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    We delineate a KMT2E-related neurodevelopmental disorder on the basis of 38 individuals in 36 families. This study includes 31 distinct heterozygous variants in KMT2E (28 ascertained from Matchmaker Exchange and three previously reported), and four individuals with chromosome 7q22.2-22.23 microdeletions encompassing KMT2E (one previously reported). Almost all variants occurred de novo, and most were truncating. Most affected individuals with protein-truncating variants presented with mild intellectual disability. One-quarter of individuals met criteria for autism. Additional common features include macrocephaly, hypotonia, functional gastrointestinal abnormalities, and a subtle facial gestalt. Epilepsy was present in about one-fifth of individuals with truncating variants and was responsive to treatment with anti-epileptic medications in almost all. More than 70% of the individuals were male, and expressivity was variable by sex; epilepsy was more common in females and autism more common in males. The four individuals with microdeletions encompassing KMT2E generally presented similarly to those with truncating variants, but the degree of developmental delay was greater. The group of four individuals with missense variants in KMT2E presented with the most severe developmental delays. Epilepsy was present in all individuals with missense variants, often manifesting as treatment-resistant infantile epileptic encephalopathy. Microcephaly was also common in this group. Haploinsufficiency versus gain-of-function or dominant-negative effects specific to these missense variants in KMT2E might explain this divergence in phenotype, but requires independent validation. Disruptive variants in KMT2E are an under-recognized cause of neurodevelopmental abnormalities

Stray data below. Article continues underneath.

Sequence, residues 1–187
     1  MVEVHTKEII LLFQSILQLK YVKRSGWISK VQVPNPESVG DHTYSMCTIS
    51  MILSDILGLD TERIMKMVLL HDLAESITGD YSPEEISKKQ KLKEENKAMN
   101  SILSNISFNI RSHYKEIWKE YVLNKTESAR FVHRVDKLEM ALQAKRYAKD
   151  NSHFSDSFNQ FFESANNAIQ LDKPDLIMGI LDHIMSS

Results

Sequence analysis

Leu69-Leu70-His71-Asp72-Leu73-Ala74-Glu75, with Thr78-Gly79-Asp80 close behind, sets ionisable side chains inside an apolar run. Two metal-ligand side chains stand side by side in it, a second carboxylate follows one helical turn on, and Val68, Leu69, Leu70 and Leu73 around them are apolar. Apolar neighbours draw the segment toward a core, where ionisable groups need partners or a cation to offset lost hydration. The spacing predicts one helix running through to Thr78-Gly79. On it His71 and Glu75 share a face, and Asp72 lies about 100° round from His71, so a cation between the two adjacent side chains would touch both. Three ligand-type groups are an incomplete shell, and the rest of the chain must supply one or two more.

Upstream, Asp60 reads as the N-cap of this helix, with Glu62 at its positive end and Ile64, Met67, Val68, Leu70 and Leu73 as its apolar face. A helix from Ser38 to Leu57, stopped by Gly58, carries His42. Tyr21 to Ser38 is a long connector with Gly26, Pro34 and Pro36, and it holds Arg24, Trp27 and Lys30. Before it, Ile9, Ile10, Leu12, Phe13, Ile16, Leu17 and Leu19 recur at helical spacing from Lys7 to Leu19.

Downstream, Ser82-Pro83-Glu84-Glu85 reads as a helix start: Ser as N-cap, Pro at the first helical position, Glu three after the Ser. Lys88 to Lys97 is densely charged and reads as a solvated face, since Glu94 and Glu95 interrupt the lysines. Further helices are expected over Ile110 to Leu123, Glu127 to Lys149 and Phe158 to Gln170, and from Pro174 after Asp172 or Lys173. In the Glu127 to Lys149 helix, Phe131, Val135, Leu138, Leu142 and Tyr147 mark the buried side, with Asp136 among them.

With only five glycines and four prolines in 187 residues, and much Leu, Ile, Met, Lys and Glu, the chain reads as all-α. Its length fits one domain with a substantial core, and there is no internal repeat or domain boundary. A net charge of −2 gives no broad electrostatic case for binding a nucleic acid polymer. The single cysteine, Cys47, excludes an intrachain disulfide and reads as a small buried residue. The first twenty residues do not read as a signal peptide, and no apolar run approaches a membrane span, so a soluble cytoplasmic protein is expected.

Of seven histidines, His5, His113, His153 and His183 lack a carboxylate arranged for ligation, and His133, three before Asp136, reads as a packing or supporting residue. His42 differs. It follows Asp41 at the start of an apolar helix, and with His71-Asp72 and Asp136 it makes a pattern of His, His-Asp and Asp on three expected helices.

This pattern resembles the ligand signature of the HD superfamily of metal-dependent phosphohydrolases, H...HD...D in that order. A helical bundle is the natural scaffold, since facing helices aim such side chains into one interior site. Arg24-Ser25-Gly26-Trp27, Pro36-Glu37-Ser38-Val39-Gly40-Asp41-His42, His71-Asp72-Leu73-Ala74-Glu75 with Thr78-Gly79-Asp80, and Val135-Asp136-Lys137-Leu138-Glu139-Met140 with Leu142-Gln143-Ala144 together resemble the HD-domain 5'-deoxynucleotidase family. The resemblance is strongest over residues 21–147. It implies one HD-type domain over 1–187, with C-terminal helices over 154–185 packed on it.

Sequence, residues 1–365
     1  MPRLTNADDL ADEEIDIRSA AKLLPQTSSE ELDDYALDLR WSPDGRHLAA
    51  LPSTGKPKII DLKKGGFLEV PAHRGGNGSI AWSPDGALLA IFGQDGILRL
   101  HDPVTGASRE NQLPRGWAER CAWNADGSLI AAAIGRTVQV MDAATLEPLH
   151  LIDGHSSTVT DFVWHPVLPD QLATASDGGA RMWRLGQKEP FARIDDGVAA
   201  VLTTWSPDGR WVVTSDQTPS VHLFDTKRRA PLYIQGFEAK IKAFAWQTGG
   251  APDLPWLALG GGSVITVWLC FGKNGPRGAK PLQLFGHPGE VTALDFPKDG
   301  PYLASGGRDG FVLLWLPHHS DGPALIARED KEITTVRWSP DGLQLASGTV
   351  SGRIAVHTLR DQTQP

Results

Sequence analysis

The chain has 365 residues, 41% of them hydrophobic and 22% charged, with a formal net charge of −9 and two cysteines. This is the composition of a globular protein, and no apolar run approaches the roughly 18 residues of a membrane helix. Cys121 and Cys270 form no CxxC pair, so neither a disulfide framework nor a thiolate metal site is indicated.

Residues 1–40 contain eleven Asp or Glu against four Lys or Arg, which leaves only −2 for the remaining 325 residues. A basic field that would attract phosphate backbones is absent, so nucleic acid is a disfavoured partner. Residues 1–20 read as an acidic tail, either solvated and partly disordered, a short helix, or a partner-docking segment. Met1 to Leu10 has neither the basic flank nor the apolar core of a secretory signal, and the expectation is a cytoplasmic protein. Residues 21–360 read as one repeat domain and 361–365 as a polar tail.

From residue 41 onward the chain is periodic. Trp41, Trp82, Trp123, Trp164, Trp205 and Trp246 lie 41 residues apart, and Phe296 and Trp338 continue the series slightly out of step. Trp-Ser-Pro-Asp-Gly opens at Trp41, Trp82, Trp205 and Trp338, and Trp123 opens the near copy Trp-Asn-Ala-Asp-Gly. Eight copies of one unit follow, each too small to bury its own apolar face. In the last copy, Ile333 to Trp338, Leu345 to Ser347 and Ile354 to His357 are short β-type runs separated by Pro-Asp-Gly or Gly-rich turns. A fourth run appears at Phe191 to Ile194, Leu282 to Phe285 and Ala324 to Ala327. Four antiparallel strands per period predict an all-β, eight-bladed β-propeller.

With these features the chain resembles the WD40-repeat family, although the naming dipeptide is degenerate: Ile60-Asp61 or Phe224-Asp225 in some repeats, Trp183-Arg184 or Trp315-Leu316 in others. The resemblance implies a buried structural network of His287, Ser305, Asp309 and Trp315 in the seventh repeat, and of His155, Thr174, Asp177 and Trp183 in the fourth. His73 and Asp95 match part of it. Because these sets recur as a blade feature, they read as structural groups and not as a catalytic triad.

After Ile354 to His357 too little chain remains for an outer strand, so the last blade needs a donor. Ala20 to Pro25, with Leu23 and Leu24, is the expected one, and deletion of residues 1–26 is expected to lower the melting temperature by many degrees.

Bi-allelic Loss-of-Function CACNA1B Mutations in Progressive Epilepsy-Dyskinesia.